£50,000 needed to finish treasure hunt

Have your say

AN ARCHAEOLOGICAL dig in Pinchbeck remains on hold while organisers desperately seek to secure funding.

Hundreds of artefacts, including pottery and coins – some dating back to the 13th century – have aready been uncovered at Healey’s Field.

But those behind move to uncover the hundreds of years of history on the site say there is much more still to be discovered.

Unfortunately, they need about £50,000 to complete the dig and archaeologists have been forced to down tools while attempts are made to come up with the cash.

A bid has been submitted to the National Lottery Heritage Fund and it is hoped work can begin if the grant is awarded.

Spokesman for the dig Ray Tucker said: “We know there is a lot more to find and everyone is just waiting to get going again.

“It’s very frustrating but we can’t do anything without funding.”

In the meantime, the team behind the Pinckbeck History and Archaeology Project is appealing for someone to come forward who has space where the items discovered so far can go on display.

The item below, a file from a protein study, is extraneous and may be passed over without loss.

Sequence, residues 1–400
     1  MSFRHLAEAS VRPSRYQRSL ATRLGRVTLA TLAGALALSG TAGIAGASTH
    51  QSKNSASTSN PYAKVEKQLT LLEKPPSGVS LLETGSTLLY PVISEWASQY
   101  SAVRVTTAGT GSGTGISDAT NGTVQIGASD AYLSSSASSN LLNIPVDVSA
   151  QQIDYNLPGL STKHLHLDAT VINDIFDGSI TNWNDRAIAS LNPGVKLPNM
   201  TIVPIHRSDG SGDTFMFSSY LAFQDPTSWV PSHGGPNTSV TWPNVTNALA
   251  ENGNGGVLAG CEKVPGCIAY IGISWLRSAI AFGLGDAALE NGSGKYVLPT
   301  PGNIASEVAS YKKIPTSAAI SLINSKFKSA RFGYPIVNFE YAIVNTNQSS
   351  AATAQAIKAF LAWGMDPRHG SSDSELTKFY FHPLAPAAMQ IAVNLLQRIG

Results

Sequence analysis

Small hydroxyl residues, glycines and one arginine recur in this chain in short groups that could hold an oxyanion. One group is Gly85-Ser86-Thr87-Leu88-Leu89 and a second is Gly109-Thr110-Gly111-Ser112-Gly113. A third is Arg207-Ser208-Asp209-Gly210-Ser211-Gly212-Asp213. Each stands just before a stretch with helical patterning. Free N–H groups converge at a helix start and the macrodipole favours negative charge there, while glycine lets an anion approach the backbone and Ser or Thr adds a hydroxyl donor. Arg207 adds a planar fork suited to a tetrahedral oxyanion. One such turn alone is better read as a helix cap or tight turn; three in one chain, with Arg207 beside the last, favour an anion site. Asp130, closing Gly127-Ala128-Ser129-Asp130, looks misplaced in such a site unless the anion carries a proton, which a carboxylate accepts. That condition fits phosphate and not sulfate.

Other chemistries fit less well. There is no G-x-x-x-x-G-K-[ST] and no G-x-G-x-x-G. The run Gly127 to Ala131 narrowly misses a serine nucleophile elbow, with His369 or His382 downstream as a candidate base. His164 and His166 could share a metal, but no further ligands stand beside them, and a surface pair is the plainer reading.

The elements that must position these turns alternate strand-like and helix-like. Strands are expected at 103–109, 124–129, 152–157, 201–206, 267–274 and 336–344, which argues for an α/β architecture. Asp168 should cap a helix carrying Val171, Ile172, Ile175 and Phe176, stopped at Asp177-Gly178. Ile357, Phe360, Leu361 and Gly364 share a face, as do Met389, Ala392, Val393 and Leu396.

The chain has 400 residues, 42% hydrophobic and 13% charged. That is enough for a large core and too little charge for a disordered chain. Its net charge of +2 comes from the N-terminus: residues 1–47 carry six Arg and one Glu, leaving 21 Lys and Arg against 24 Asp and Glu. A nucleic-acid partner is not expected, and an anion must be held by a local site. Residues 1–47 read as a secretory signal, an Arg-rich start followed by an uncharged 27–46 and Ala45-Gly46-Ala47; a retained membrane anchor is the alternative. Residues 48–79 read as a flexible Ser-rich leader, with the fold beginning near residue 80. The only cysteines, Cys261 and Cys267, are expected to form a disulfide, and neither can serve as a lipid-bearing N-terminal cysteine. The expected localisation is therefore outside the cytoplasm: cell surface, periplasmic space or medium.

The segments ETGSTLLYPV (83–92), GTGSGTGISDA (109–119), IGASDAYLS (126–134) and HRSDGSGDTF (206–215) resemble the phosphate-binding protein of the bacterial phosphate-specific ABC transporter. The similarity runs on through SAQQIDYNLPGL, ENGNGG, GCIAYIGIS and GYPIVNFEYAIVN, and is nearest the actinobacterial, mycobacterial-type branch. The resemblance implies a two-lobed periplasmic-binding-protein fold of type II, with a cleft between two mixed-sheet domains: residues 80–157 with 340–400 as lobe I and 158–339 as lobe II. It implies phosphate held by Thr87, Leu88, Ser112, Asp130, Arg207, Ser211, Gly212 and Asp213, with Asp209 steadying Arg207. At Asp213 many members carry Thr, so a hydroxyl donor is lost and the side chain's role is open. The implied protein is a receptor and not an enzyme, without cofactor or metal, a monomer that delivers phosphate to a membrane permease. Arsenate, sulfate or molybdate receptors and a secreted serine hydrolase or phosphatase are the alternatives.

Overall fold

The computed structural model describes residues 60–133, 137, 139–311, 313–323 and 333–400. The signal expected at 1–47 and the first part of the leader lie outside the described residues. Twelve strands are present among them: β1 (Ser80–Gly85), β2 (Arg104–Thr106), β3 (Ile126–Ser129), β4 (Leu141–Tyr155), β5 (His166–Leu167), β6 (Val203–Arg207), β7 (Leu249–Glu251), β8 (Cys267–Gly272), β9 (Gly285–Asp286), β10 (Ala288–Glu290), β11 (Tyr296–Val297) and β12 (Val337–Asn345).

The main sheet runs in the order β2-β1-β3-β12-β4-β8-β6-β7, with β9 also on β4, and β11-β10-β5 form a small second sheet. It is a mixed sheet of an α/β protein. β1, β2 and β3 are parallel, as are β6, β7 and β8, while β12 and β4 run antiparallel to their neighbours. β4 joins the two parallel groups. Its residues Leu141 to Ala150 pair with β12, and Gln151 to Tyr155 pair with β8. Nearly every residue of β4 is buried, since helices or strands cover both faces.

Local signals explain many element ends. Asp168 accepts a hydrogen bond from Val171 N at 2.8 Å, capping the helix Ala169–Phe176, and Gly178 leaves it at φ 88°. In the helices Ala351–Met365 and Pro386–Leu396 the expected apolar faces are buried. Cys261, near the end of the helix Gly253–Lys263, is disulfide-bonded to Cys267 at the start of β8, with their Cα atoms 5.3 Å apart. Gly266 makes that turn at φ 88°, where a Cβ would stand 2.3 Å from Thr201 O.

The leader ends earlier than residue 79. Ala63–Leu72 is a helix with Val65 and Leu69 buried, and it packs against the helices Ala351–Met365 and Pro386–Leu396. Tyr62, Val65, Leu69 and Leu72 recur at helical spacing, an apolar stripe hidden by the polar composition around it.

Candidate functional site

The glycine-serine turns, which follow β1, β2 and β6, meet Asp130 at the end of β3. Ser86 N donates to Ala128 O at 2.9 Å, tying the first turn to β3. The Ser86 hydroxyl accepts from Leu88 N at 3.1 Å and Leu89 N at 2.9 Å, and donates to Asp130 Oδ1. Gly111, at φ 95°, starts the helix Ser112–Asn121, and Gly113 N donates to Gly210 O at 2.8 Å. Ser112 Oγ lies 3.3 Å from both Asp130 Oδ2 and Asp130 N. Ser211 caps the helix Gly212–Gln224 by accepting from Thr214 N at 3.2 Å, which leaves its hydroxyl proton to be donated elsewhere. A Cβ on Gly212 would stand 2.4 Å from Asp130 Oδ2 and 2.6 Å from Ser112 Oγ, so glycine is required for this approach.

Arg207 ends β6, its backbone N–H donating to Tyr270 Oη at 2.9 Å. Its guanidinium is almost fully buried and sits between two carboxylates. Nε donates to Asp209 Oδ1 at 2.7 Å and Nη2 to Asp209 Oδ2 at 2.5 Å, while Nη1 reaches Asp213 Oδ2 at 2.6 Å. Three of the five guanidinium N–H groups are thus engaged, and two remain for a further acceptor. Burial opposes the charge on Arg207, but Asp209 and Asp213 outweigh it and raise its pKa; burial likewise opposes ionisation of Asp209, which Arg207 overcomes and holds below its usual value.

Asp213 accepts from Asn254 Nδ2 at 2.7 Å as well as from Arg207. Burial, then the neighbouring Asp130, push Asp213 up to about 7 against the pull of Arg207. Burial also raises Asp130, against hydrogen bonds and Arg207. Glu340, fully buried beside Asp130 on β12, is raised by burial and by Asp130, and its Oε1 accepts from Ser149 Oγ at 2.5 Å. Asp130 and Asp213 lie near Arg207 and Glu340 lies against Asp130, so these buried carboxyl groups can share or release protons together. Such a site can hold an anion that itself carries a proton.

Mr Tucker said: “There are already around 6,000 pieces recovered from the site, including some remarkable pottery and coins, but we have nowhere to display them.

“They are currently in storage but we would like them to be put on display somewhere where the people of Pinchbeck and local area can see them.

“Much of it is from the early Elizabethan period, but some is earlier including a leather sandal which is believed to date back to the 13th century.

“There is a lot of history there and it’s a real pity people can’t see it.”

The dig at Healey’s Field, which went ahead with the blessing of landowner Ivan Healey, began in 2010 after Pode Hole businessman and metal detectorist John Lyon discovered 44 coins in one small area the previous year.

A report commissioned by Mr Lyon into the site revealed the remains of a building which is most likely to be Croswithand House, owned by Robert Cust from 1479.

Evidence suggests the house fell into ruins in the 1800s.

As well as being of historical worth, one or two of the artefacts, including jewellery, have monetary value, so any room which could be used as a temporary museum to show off the finds would also need to be secure.

Anyone who can help is asked to call group secretary Brenda Ruysen on 01775 769501.